Disappointment hung over Rathert Stadium Friday evening. Junction City and Manhattan came into Friday’s doubleheader as two teams vying for the top of the Centennial League and a number one seed in the fast-approaching regional tournament. Junction City left Friday night in a very different place after dropping game one 9-2 and game two 13-2 in five innings.

“All this week, all of us seniors had been looking forward to Manhattan,” senior Trevor Laughlin said. “It’s our last ride. We’ll never play any of these guys again in any sport. We worked our butts off in practice and then we got to the game and I don’t know. Maybe a couple kids got nervous, I’m not sure what it was.”

The losses dropped the Blue Jays to 9-7 this season.

After the game, head coach Carl Laughlin pleaded with his team to find their fire and passion and use it to work toward getting better in the coming week.

“If this is their team and they want it to be their team then they need to stand up and back it,” head coach Carl Laughlin said. “I think some of these guys need to rethink what they want to do. We’re not in panic mode but if they want to continue, they need to put the work in. They can’t just rely on their athletic ability.”

Errors doomed the Blue Jays in game one as multiple routine dropped balls and a botched throw-out attempt gave the Indians multiple second chances to gain a foothold over Junction CIty.

“I really believe if you take the errors away, we win that game 2-0,” Laughlin said. “I don’t think they earned a run on their own. We just do some things that are uncharacteristic.”

Manhattan scored two runs in the top of the first and added two more in the top of the third before a single from senior Russell Wilkey scored Key’Ahn Taylor to cut their lead to 4-1.

The Indians responded with two more in the top of the fourth and then, after two scoreless frames, they added three more runs to push their lead to 9-1.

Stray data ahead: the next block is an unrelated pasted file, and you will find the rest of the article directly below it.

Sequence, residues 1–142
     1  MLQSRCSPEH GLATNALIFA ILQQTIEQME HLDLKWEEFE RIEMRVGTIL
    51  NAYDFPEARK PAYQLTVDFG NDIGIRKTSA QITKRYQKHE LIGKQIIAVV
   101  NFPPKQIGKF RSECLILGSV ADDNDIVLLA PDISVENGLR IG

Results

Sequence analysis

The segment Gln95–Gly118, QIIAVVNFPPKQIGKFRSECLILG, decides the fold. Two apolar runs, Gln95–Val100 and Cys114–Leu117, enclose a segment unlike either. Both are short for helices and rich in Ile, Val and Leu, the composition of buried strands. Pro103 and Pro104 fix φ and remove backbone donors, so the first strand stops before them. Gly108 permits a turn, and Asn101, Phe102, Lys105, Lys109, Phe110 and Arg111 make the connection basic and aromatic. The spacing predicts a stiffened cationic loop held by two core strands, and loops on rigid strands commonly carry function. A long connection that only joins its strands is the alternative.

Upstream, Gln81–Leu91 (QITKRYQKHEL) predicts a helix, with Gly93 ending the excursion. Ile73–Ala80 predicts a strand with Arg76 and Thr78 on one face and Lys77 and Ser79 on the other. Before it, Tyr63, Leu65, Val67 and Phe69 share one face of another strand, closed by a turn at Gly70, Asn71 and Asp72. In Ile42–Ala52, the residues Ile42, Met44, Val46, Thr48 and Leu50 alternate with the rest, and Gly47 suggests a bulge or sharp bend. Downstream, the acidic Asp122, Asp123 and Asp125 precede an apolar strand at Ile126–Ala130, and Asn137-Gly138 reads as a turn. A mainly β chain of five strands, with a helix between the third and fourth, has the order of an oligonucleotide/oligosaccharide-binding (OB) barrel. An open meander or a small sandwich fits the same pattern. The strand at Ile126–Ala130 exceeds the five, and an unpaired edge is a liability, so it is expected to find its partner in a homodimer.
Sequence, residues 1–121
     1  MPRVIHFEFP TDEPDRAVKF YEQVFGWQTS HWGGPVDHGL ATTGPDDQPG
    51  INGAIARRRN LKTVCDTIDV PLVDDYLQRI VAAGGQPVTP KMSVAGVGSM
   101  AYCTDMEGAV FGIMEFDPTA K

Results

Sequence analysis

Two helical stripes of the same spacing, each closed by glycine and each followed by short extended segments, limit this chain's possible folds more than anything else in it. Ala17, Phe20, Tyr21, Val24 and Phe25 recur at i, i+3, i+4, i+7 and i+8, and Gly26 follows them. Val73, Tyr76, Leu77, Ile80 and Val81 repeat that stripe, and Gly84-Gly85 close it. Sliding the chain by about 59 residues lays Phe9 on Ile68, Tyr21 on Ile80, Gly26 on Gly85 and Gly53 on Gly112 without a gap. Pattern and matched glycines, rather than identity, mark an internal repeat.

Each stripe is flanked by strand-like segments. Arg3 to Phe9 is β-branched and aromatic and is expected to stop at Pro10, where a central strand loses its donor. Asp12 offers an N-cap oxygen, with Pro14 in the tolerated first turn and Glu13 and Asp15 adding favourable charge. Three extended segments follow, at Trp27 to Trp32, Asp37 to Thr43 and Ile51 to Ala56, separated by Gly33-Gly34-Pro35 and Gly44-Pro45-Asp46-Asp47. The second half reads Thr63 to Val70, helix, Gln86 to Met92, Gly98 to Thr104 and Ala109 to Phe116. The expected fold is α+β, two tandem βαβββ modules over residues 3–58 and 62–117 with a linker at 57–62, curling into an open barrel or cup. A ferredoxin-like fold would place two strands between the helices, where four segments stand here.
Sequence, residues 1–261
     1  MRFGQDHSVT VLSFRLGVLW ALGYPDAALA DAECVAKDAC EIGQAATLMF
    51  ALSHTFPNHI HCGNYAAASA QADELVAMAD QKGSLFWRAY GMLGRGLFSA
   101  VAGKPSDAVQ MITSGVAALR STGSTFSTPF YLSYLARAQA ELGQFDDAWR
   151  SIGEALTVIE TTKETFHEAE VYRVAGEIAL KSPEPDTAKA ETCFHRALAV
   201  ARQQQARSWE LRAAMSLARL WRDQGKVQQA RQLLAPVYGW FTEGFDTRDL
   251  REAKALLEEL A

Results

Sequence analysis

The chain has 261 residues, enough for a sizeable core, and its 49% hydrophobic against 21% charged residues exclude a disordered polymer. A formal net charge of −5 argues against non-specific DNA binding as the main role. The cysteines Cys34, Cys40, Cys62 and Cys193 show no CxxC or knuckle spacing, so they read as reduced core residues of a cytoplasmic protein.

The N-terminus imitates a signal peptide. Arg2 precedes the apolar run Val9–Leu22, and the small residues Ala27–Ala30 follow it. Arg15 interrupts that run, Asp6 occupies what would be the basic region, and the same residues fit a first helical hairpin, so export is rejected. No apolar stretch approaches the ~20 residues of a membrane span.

Jonathan Phillips scored on a steal of home with two outs to bring the run total to 9-2 but a Taylor strikeout ended the inning and the game.

Manhattan senior starter Dayne Aschenbrenner threw a strong six innings and kept the Blue Jays off-balance, allowing five hits and two walks with four strikeouts.

“We knew Dayne was good,” coach Laughlin said. “He’s been their number one all year and I don’t think he’s lost. I think we just got down and we’re not mentally strong enough to pull out of it yet.”

Six different Blue Jays had a hit in the game.

Things were tight and competitive early in game two after Manhattan grabbed an early 2-0 lead through an inning and a half before the Blue Jays tied things up on a Phillips steal of home and a Manhattan balk.

Unfortunately for Junction City, that would be all the offense they’d be able to scratch together.

Five Manhattan runs crossed in the top of the third and two innings later, six more came in and after a scoreless bottom of the fifth, the game ended on a run-rule with the score at 13-2.

Jorden Kell and Levi Mehl struggled in their shared five innings, allowing 14 hits, 13 runs and five walks with only two strikeouts in the game but Laughlin was mainly concerned with the lapses on defense.

“We were good enough on the mound to win both games,” Laughlin said. “We can’t let mistakes behind us affect what we’re doing though which is what I think happened with Jorden a little bit and then with Levi. We’ve got to make plays, that’s what it comes down to. They might have outhit us by five or six hits and that’s not a 20-run spread over two games.”

Junction City had just two hits in game two.

The Blue Jays will have the week to get right and try to recapture some of their early-season juice that led to some of their high scoring, dominant wins. The Blue Jays travel to Washburn Rural (10-5) on Friday.

“I’m really hoping that we get right back at it on Monday and change our mentality and figure out what we need to do to get better because tonight was unacceptable and if we do that again, we’re not going to be successful for the rest of the year,” Trevor Laughlin said. “We have the talent and the drive but we just have to use it and stay focused through practice and then all 14 innings. We can’t let anything get to us.”

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